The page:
Adding genotypes from seven single-nucleotide polymorphisms (SNPs), which had previously been associated with breast cancer, to the National Cancer Institute's Breast Cancer Risk Assessment Tool (BCRAT) increases the area under the receiver operating characteristic curve from 0.607 to 0.632.
Criteria that are based on four clinical or public health applications were used to compare BCRAT with BCRATplus7, which includes the seven genotypes. Criteria included number of expected life-threatening events for the decision to take tamoxifen, expected decision losses (in units of the loss from giving a mammogram to a woman without detectable breast cancer) for the decision to have a mammogram, rates of risk reclassification, and number of lives saved by risk-based allocation of screening mammography. For all calculations, the following assumptions were made: Hardy–Weinberg equilibrium, linkage equilibrium across SNPs, additive effects of alleles at each locus, no interactions on the logistic scale among SNPs or with factors in BCRAT, and independence of SNPs from factors in BCRAT.
Improvements in expected numbers of life-threatening events were only 0.07% and 0.81% for deciding whether to take tamoxifen to prevent breast cancer for women aged 50–59 and 40–49 years, respectively. For deciding whether to recommend screening mammograms to women aged 50–54 years, the reduction in expected losses was 0.86% if the ideal breast cancer prevalence threshold for recommending mammography was that of women aged 50–54 years. Cross-classification of risks indicated that some women classified by BCRAT would have different classifications with BCRATplus7, which might be useful if BCRATplus7 was well calibrated. Improvements from BCRATplus7 were small for risk-based allocation of mammograms under costs constraints.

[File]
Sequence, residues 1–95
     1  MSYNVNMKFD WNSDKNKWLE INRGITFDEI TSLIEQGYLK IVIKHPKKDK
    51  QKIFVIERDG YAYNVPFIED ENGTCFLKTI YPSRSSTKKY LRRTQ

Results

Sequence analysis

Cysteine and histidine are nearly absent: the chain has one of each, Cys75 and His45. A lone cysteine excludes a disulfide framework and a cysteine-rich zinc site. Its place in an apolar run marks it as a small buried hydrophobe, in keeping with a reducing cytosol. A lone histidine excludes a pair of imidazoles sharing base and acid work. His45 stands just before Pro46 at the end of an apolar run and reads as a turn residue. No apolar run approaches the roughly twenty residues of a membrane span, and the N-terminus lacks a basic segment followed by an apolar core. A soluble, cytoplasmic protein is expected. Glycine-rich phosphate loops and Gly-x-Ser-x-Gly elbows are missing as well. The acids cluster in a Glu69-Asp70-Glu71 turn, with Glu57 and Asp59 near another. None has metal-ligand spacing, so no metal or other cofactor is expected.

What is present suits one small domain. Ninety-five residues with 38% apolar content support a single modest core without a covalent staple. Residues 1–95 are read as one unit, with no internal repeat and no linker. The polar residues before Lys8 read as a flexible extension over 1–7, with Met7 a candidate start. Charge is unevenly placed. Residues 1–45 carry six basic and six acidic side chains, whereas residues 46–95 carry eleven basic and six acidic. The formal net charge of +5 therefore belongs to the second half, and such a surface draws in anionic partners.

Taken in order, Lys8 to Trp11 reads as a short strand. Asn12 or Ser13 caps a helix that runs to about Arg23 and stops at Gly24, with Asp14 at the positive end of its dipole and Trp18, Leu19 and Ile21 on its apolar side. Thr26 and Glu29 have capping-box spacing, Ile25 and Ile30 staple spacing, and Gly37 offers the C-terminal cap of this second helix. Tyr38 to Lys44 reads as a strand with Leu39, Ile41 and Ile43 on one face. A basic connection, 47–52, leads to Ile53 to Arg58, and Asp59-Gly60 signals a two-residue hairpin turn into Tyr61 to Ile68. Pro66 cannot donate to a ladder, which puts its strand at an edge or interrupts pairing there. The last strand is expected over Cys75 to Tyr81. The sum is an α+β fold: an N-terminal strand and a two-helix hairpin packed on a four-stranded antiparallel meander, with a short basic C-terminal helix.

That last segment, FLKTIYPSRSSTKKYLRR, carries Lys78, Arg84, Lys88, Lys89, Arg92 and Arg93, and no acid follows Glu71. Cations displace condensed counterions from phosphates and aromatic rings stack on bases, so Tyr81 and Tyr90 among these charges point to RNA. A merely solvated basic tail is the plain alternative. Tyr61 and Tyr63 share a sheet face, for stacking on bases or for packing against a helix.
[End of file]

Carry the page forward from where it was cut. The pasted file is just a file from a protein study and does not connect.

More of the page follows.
The gains from BCRATplus7 are small in the applications examined. Models with SNPs, such as BCRATplus7, have not been validated for calibration in independent cohort data. Additional studies are needed to validate a model with SNPs and justify its use.